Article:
Turkish police on Wednesday detained 17 people as part of three separate operations targeting alleged members of the Gülen movement, which is accused by the government of “terrorism,” local media reported.
The public prosecutor’s office in Bursa on Wednesday issued detention warrants for 10 people over alleged Gülen links. Police conducted operations at various locations and detained nine suspects.
Five people were detained the same day in police raids in the eastern province of Malatya as part of an investigation by the public prosecutor’s office in the province.
Turkish President Recep Tayyip Erdoğan has been targeting followers of the Gülen movement, inspired by Turkish Muslim cleric Fethullah Gülen, since the corruption investigations of December 17-25, 2013, which implicated then-prime minister Erdoğan, his family members and his inner circle.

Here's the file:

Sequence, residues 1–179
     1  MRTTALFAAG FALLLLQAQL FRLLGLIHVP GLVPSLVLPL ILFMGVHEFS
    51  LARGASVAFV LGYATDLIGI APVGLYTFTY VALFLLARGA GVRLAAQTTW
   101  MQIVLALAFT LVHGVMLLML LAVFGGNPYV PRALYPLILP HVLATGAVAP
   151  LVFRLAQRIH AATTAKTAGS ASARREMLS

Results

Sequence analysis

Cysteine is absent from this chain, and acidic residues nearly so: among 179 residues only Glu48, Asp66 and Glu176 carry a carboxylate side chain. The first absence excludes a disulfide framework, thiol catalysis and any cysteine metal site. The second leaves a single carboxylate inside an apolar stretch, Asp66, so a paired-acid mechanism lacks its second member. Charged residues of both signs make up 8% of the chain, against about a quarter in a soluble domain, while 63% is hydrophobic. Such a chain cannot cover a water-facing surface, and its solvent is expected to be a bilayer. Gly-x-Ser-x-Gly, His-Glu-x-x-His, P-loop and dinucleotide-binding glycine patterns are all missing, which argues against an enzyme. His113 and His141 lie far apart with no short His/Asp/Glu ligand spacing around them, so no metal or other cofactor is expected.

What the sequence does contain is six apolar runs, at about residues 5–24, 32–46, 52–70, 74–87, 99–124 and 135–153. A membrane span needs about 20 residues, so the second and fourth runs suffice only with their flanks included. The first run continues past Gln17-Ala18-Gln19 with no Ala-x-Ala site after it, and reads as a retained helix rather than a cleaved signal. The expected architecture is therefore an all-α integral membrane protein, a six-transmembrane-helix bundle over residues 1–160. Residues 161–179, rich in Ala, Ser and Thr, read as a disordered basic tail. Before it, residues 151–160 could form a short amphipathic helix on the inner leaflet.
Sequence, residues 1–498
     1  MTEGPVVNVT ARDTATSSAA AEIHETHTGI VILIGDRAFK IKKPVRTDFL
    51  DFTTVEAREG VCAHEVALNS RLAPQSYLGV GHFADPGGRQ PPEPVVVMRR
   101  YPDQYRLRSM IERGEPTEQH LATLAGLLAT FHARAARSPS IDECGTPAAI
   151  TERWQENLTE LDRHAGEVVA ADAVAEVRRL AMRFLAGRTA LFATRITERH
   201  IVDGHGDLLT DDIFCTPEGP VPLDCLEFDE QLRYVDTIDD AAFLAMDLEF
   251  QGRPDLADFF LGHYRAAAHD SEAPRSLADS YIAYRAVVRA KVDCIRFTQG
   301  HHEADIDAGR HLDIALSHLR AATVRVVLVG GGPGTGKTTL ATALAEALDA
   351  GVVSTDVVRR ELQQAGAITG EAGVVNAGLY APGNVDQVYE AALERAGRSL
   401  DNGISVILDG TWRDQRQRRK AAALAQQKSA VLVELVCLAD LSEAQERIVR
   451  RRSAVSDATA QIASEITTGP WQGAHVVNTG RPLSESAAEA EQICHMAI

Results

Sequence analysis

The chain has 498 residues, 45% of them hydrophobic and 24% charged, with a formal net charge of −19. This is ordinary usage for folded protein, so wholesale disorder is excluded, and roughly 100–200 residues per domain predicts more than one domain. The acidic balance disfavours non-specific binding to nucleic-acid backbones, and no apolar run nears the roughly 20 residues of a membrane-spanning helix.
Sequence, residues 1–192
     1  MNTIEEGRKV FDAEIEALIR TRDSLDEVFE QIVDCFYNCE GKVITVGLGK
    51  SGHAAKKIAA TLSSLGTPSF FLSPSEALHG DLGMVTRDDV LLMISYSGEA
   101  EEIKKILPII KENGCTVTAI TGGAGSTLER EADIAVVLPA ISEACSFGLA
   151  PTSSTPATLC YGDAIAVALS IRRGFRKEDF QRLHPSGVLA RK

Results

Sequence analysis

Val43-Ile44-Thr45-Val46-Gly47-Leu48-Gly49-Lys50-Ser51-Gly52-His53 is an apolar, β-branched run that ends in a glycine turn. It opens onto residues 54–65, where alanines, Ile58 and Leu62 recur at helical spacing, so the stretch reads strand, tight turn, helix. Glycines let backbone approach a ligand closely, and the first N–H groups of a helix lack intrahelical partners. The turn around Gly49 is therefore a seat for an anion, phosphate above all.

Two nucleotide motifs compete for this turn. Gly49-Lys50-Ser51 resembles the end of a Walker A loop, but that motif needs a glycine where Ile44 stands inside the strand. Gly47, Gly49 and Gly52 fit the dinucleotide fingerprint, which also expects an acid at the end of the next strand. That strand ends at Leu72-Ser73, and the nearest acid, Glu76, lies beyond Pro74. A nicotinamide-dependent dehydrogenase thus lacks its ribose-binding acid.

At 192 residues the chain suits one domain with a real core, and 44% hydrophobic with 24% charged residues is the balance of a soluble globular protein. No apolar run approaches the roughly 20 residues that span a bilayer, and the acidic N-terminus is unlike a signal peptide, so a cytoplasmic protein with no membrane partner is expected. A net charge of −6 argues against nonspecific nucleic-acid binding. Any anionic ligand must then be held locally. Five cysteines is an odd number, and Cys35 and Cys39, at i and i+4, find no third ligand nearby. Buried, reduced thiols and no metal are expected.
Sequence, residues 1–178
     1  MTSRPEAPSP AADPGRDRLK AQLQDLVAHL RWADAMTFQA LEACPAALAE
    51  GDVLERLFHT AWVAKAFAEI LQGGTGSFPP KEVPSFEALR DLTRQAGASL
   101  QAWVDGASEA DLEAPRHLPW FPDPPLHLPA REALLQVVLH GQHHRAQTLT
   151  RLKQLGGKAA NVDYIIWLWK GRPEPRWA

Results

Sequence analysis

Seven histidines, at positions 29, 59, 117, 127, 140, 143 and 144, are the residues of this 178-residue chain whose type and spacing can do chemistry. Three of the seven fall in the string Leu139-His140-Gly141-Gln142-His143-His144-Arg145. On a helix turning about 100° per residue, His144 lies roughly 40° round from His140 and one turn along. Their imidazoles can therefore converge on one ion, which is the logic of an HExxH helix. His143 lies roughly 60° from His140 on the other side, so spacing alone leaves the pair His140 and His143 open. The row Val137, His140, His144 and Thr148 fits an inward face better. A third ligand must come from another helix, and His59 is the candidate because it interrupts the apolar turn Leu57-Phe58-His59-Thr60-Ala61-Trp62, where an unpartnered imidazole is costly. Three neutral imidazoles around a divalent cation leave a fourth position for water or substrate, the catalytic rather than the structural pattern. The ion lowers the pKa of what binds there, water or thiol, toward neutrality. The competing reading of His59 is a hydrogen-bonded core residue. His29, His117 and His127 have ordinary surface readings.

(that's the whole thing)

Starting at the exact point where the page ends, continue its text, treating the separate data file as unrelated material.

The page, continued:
Dismissing the investigations as a Gülenist coup and conspiracy against his government, Erdoğan designated the movement as a terrorist organization and began to target its members. He intensified the crackdown on the movement following an abortive putsch that he accused Gülen of masterminding. Gülen and the movement strongly deny involvement in the coup attempt or any terrorist activity.
In Konya, three former civil servants who were fired after the coup attempt were also detained.
Following the coup attempt, the Turkish government declared a state of emergency and carried out a massive purge of state institutions under the pretext of an anti-coup fight. More than 130,000 public servants, including 4,156 judges and prosecutors, as well as 24,706 members of the armed forces, were summarily removed from their jobs for alleged membership in or relationships with “terrorist organizations” by emergency decree-laws subject to neither judicial nor parliamentary scrutiny.
In addition to the thousands who were jailed, scores of other Gülen movement followers had to flee Turkey to avoid the government crackdown.